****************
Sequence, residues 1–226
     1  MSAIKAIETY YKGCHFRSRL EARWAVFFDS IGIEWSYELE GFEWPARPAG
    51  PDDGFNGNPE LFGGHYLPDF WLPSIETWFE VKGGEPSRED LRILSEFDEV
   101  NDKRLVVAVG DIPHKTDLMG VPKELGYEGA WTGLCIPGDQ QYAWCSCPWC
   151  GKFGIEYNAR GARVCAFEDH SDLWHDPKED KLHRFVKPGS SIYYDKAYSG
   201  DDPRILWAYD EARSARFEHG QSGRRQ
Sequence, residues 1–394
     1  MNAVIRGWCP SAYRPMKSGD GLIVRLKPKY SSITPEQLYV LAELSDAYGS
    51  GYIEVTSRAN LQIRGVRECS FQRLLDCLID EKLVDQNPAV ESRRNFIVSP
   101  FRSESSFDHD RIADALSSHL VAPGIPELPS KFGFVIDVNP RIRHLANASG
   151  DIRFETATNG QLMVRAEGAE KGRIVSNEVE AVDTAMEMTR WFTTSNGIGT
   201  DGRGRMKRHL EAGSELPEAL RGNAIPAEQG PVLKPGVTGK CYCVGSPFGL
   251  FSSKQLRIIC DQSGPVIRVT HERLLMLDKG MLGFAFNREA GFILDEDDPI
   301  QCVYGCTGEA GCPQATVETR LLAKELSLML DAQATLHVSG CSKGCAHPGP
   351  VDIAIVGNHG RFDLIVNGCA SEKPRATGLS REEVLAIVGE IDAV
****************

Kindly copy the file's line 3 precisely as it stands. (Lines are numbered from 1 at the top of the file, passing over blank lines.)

    51  PDDGFNGNPE LFGGHYLPDF WLPSIETWFE VKGGEPSRED LRILSEFDEV